The term CRLF refers to Carriage Return (ASCII 13,
\r) Line Feed (ASCII 10,
\n). They’re used to note the termination of a line, however, dealt with differently in today’s popular Operating Systems. For example: in Windows both a CR and LF are required to note the end of a line, whereas in Linux/UNIX a LF is only required. In the HTTP protocol, the CR-LF sequence is always used to terminate a line.
A CRLF Injection attack occurs when a user manages to submit a CRLF into an application. This is most commonly done by modifying an HTTP parameter or URL.
Depending on how the application is developed, this can be a minor problem or a fairly serious security flaw. Let’s look at the latter because this is after all a security related post.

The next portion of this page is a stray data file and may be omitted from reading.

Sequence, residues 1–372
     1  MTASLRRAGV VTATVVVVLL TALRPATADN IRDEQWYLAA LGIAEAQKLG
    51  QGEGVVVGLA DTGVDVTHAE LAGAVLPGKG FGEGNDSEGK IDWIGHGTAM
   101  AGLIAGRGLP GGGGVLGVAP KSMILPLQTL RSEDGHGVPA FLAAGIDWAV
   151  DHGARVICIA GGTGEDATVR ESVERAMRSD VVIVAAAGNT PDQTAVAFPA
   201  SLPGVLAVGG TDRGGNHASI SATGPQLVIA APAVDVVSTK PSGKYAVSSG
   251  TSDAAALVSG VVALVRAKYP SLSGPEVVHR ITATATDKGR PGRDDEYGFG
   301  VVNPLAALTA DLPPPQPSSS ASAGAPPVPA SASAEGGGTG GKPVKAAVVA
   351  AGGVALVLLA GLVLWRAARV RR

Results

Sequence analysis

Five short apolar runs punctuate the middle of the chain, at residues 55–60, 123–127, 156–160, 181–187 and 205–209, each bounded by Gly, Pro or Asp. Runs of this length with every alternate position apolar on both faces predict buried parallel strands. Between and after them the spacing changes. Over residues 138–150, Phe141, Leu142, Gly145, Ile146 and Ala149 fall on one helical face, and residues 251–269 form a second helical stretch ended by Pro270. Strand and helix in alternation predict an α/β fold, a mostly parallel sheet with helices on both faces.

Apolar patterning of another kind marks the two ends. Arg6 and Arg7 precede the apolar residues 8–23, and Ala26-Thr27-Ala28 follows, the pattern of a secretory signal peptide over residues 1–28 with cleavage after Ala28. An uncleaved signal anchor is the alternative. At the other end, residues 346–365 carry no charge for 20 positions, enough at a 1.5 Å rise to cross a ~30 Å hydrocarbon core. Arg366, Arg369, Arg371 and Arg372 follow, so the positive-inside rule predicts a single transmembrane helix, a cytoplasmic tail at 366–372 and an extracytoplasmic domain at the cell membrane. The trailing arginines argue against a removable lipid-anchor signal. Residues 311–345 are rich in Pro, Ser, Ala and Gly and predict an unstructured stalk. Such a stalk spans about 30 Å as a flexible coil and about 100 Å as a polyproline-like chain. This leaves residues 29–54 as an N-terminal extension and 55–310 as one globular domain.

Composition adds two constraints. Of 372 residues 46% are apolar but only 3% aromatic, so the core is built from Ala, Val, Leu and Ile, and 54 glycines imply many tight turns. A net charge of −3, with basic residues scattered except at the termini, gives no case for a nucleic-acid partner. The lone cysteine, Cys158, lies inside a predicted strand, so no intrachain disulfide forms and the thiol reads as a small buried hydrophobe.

Let’s assume a file is used at some point to read/write data to a log of some sort. If an attacker managed to place a CRLF, then can inject some sort of programmatic read method to the file. This could result in the contents being written to screen on the next attempt to use this file.
Another example is the “response splitting” attacks, where CRLFs are injected into an application and included in the response. The extra CRLFs are interpreted by proxies, caches, and maybe browsers as the end of a packet, causing mayhem.